Updated: Feb 26
1 John 4:8 says that God is love. What does that mean? 1 John 4:9 (HCSB) says: “God’s love was revealed among us in this way: God sent His One and Only Son into the world so that we might live through Him.” Through Jesus, one can know love because Jesus revealed love to humans by His actions and his overall mission. Jesus, the son of God the Father, represents the Father, so if Jesus is love then the Father must also be love. Jesus is love because He fulfilled the law and Romans 13:10 says that love is the fulfillment of the law. So, it can be concluded that the Father is love.
God Is Love
Still, what does that mean that God, as a whole, is love? Jesus did not fulfill the law by doing nothing. Yet love is the fulfillment of the law. So then, love must be an expression of nature. Why? The law is there to judge character, so, one cannot fulfill the law by pretending to be good because pretending is not being, and one has to be good to measure up to the standards of the law. If one has to be good to measure up to the standards of the law, then to be good (in this context) is to express love. How does one know that another is good? Through one’s actions. The law cannot measure someone who does nothing because there is nothing to measure. Actions come out of one’s nature and therefore, to judge a nature as being good or bad, one has to be measured by the expressions of one’s nature—which is seen through one’s actions. So, when it is said that God is love, it is meant that God’s very nature is love so that every expression (action) of His nature is out of love. However, there is more to love. Love is, essentially, the expression of one’s inner goodness to another.
Side Note: “Goodness” is defined as anything that is in coherence with God’s nature.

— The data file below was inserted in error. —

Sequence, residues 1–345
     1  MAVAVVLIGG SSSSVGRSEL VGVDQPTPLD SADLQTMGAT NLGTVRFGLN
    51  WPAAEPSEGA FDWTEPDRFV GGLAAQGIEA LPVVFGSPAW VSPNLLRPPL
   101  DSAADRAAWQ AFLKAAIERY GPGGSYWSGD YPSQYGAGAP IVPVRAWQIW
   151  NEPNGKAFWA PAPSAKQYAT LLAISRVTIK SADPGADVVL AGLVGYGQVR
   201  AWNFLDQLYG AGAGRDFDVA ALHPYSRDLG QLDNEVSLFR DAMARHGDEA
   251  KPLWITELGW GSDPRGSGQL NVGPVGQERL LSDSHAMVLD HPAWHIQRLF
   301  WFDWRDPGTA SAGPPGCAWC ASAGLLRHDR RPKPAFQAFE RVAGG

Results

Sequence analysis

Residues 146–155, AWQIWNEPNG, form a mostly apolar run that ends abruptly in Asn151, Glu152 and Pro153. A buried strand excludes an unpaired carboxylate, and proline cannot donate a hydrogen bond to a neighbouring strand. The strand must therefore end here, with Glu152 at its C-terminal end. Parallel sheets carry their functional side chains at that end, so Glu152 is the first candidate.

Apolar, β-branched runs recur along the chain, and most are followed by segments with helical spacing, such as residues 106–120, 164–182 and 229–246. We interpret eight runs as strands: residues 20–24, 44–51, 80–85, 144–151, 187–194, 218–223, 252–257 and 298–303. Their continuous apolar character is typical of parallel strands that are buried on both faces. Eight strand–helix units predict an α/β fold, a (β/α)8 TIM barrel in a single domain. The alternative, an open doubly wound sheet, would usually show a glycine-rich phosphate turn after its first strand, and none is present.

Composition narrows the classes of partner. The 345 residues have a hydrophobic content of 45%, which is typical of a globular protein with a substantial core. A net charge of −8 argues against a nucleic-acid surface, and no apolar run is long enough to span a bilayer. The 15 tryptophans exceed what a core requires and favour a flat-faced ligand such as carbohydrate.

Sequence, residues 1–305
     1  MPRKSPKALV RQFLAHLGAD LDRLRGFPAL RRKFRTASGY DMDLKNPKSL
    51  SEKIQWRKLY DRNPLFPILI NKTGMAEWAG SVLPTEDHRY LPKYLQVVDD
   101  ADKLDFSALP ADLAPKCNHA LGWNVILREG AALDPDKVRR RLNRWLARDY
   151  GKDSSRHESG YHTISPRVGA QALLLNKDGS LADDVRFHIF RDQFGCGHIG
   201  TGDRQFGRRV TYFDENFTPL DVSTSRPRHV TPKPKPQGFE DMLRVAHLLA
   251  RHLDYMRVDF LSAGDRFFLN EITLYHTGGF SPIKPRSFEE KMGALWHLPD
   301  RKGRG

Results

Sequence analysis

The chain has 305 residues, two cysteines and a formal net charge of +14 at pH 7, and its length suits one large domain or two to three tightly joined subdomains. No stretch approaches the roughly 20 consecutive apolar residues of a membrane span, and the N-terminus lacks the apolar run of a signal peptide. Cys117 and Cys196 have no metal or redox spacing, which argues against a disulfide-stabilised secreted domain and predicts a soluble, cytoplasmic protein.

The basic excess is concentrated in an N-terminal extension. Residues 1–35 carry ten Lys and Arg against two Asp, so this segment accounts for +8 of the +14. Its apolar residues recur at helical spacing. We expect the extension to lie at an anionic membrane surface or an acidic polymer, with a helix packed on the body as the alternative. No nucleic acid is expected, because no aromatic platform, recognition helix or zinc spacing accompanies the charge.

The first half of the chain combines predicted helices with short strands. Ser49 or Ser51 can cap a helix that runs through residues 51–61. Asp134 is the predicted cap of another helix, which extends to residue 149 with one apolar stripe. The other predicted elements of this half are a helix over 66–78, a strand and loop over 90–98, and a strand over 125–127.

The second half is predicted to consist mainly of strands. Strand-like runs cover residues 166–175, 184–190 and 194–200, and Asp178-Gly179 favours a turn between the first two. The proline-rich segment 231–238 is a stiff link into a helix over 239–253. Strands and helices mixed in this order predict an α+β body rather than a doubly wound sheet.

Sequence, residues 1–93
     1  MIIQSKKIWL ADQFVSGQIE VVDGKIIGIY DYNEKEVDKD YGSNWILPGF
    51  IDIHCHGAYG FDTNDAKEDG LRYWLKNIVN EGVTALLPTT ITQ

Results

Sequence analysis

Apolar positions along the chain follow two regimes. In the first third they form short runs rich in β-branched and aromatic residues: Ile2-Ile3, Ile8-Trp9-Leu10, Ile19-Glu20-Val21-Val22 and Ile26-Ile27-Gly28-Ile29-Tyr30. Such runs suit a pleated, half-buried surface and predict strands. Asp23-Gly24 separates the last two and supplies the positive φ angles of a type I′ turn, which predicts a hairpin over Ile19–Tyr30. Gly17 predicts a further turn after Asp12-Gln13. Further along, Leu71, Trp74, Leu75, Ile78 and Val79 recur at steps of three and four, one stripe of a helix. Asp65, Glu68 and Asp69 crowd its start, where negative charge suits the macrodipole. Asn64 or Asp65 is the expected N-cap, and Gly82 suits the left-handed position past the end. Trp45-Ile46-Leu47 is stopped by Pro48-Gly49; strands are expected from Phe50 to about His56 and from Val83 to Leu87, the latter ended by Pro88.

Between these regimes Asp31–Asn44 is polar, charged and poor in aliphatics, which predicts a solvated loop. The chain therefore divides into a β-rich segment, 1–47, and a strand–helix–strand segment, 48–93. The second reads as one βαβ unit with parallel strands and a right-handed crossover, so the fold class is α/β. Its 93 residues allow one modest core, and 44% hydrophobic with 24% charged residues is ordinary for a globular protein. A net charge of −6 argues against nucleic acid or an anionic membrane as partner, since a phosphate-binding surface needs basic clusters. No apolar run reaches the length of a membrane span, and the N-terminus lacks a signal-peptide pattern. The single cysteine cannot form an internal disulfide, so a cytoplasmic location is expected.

Remember, love is nothing without being expressed. Jesus would not be the fulfillment of the law if He did nothing. To have love, one must be expressing it or else it would never be known and would also mean that one never expressed oneself. Love, by its very nature, is expressed.
To clear this idea up, consider the following: Love, like faith, has a dualistic nature to it. Love is, both, of one’s nature and expressed—both, in the personal sense, a noun (it could be argued that it is an adjective in the human sense) and a verb. To illustrate this, a lion is a predator by nature, but it is only by a predatory act that its nature is confirmed and realized. So, the first lion that ever existed could not be deemed a predator until it commits a predatory act and it could be said that the lion was not a predator before the act. It is the same with God. God could not be love until love was expressed because it is in the act that love is realized. C.S. Lewis knew this and made an amazing statement: “Love is something that one person has for another person. If God was a single person, then before the world was made, He was not love.”
Love and Reality
C.S. Lewis understood that love is only realized through an action or an expression of one’s nature. So, if there was no trinity, then love could not have existed until the world was created. If that were true, then God’s very nature changed—meaning the God of today was not the God before the world. The implications of this are hard to fathom. But, in as much as a human mind can hope to understand, it would mean that reality, as we know it, could instantly change as God’s very nature has the possibility of changing again.
Side Note: This thought process is assuming God is the triune God of today—whether that was true before the world or not.
God, who defines all personable things, could change—thereby destroying one’s idea of personhood and destroying oneself. For if God changed, then one’s identity in Christ is lost. This is because, if love is the fulfillment of the law and God is love, then to fulfill the law one has to be like God. However, if God is no longer God (love), then how can one find his identity in Christ if Christ or the rest of the trinity do not fulfill the law themselves? The law would be baseless and therefore arbitrary because it is no longer based on the nature of God. So, in this new reality, salvation, in its previous tense, is meaningless because salvation from what? It could be said, in this hypothetical circumstance, that God became like man. This is because, one would be, in a way, no longer separated by God, assuming that He changes into something that is conceivable in this reality—meaning he changes into the only other alternative to love: a “selfish” God.